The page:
28 © 2007 Lloyd Rieber Defining a Game An interactive medium in the sense that the path or outcome of the activity itself changes depending on a players input. (I dare you to try to define interactivity!) One of the best opportunities for serious play

29 © 2007 Lloyd Rieber Learning in a Game: Affective Domain Motivation –Competition, random features –Intrinsic motivation: You create your own reasons for participating –Triggering challenge and curiosity –A feeling of control, but with an edge of uncertainty

30 © 2007 Lloyd Rieber Learning in a Game: Cognitive Domain Meaningful, relevant context Active participation in an interactive story Organization, situation, goals, and feedback –Helps students to organize information, followed by putting knowledge to use Narrative: The power of stories –Myths & Archetypes (Joseph Campbell)

31 © 2007 Lloyd Rieber Game Design Optimizing challenge –What is your favorite sport? –Change one rule or the parameter of one game object. –What is the impact of this change on the game?

32 © 2007 Lloyd Rieber 4.25 inches

33 © 2007 Lloyd Rieber Center court = 36 inches Side posts = 42 inches

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35 Henry Jenkins MIT Comparative Media Studies Games-to-Teach Project Kurt Squire University of Wisconsin Learning World History through playing Civilization III James Gee University of Wisconsin What video games have to teach us about learning and literacy Sasha Barab University of Indiana Quest Atlantis High Tech Gaming in Education

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37 Quest Atlantis Triadic Foundation for Design –Education: Designing for Learning –Entertainment: Designing for Engagement –Social Commitments: Designing for Change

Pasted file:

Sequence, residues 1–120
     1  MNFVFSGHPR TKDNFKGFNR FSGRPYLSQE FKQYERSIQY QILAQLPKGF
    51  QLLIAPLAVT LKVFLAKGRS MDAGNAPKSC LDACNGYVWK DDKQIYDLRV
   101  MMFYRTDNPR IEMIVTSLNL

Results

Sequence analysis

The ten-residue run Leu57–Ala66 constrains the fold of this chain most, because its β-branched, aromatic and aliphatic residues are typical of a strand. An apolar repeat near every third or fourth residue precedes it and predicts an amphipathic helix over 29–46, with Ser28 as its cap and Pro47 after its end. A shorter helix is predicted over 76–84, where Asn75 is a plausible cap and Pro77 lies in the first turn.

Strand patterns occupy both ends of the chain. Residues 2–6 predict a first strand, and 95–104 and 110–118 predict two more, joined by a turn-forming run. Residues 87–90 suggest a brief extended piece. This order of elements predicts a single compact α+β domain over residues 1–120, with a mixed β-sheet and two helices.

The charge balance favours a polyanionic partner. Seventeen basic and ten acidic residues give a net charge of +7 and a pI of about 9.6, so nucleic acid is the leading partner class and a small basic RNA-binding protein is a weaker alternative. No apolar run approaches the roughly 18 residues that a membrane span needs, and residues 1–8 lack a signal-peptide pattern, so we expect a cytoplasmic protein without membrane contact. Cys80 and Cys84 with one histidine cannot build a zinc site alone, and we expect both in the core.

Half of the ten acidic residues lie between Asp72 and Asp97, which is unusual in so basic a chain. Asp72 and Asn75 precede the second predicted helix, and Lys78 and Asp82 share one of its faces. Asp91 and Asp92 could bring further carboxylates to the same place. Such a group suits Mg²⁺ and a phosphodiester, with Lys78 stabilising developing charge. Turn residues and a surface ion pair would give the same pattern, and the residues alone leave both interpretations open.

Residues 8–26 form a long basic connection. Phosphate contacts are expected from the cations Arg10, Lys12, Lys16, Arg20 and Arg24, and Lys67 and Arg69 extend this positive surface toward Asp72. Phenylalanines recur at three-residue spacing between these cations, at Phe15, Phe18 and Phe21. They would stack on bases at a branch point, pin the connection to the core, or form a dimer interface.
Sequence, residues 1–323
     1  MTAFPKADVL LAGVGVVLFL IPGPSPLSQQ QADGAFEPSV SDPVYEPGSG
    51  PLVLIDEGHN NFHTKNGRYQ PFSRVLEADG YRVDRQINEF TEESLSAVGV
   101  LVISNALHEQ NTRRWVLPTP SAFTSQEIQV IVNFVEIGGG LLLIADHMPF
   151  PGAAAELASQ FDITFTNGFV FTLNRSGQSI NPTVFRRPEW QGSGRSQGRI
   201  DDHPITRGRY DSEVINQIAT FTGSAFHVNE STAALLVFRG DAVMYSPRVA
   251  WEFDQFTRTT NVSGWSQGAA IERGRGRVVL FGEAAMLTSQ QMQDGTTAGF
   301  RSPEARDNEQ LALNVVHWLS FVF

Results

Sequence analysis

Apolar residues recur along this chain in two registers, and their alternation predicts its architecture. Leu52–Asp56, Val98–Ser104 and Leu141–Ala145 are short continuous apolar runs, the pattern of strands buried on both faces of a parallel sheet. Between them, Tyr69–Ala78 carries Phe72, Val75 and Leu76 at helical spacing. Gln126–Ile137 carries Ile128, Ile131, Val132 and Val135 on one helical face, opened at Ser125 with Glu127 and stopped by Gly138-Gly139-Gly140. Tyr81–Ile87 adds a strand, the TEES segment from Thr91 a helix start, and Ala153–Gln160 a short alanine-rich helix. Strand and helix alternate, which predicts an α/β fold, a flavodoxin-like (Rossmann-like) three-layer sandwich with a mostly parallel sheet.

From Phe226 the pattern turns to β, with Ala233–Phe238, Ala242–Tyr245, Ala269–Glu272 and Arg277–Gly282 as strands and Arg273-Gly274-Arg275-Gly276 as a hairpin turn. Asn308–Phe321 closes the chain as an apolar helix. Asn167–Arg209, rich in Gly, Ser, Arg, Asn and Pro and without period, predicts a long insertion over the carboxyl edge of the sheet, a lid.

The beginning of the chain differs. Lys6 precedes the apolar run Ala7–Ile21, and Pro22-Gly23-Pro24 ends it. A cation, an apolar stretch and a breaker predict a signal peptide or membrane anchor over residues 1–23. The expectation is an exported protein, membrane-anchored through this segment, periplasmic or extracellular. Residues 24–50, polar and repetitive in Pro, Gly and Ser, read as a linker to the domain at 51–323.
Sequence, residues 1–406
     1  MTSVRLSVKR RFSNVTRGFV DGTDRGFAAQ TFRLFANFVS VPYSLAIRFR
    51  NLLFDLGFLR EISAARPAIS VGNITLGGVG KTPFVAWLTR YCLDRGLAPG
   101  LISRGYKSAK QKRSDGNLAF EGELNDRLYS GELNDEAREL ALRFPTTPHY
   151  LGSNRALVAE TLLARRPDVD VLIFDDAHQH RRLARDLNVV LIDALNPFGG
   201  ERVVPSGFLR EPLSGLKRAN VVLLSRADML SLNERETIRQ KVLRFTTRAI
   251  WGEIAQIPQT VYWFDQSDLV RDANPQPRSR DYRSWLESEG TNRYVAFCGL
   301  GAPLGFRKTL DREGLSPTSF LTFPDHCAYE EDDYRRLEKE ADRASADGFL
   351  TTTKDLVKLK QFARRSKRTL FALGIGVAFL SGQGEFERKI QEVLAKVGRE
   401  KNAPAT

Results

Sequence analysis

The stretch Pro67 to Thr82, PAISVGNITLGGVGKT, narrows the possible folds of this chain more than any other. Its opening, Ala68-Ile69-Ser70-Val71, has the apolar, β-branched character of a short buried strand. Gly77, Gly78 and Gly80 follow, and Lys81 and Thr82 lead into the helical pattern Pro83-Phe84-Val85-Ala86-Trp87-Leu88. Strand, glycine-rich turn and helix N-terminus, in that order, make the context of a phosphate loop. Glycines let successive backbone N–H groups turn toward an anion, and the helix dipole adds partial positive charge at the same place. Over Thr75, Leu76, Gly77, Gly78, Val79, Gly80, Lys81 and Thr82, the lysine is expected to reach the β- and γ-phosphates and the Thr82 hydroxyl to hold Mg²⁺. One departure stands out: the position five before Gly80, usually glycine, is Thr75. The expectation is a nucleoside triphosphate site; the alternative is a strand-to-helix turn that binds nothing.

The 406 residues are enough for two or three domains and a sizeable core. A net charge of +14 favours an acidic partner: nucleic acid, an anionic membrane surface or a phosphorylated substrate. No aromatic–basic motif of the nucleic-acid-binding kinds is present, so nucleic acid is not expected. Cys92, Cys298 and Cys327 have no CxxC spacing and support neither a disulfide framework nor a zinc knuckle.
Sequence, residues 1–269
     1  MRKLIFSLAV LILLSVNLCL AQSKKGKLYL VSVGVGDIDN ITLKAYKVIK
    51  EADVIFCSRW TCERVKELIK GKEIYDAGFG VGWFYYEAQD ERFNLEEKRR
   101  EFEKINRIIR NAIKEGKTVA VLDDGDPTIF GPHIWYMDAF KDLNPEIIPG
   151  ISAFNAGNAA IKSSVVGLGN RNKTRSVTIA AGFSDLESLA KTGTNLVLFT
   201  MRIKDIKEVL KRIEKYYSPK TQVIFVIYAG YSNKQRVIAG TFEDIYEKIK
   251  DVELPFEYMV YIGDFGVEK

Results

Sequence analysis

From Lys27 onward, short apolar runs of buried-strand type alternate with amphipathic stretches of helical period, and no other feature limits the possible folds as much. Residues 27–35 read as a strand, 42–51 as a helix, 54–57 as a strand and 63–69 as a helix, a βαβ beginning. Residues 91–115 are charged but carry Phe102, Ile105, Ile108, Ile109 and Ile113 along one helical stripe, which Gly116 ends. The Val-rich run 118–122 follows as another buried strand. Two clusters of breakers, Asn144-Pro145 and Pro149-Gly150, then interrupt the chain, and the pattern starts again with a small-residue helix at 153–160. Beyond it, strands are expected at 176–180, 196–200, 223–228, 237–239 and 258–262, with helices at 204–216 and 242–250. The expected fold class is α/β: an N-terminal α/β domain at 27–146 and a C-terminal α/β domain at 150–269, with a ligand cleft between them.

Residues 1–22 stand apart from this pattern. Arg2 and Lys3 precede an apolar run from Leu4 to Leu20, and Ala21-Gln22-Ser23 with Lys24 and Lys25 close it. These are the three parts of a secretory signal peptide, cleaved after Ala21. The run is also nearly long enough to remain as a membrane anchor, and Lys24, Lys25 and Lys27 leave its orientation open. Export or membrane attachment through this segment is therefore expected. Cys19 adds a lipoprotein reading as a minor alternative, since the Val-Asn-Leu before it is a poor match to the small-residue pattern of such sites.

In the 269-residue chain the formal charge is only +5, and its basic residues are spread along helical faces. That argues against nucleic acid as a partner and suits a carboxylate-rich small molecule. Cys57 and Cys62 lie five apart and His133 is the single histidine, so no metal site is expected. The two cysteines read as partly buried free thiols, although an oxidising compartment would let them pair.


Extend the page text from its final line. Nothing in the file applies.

38 © 2007 Lloyd Rieber Middle-Tech Gaming

39 © 2007 Lloyd Rieber Microworlds A place to live, not just study, a domain –Mathland Takes full advantage of processing abilities of computers Matches students effectively on both cognitive & motivational dimensions Examples –MicroWorlds Project Builder, StageCast –Geometers Sketchpad, ThinkerTools, SimCalc, GenScope

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49 Using Homemade Online Database Games in Teaching

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51 The story unfolds…

52 © 2007 Lloyd Rieber …and you are an archaeologist. You are part of a team that has uncovered a lost civilization which appears to be from around the turn of the 21st century, a period for which historians have a huge gap in their understanding. As part of the "dig", you have uncovered a large underground room housing a series of ancient documents, referred to during the time period as "letters". These documents are all fairly intact and the language appears to be a recognizable form of ancient English. Of course, many of words are completely unknown to you. But, it is clear that each of these letters describe how to perform very specific ancient tasks and rituals. It is your job to identify what task each of the letters describes. It is the year 4028…

53 © 2007 Lloyd Rieber What task or skill is this? 1.Grab one bacle in each hand. 2.Pull the bacles tight with a vertical pull. 3.Cross the bacles. 4.Pull the front bacle around the back of the other. 5.Put that bacle through the liger. 6.Tighten the bacle with a horizontal pull. 7.Make a charm. 8.Tighten the charm.

54 © 2007 Lloyd Rieber What task or skill is this? 1.Grab one bacle in each hand. 2.Pull the bacles tight with a vertical pull. 3.Cross the bacles. 4.Pull the front bacle around the back of the other. 5.Put that bacle through the liger. 6.Tighten the bacle with a horizontal pull. 7.Make a charm. 8.Tighten the charm. bacle = lace liger = hole charm = bow

55 © 2007 Lloyd Rieber Low-Tech Gaming

56 © 2007 Lloyd Rieber Math Target Games Throw away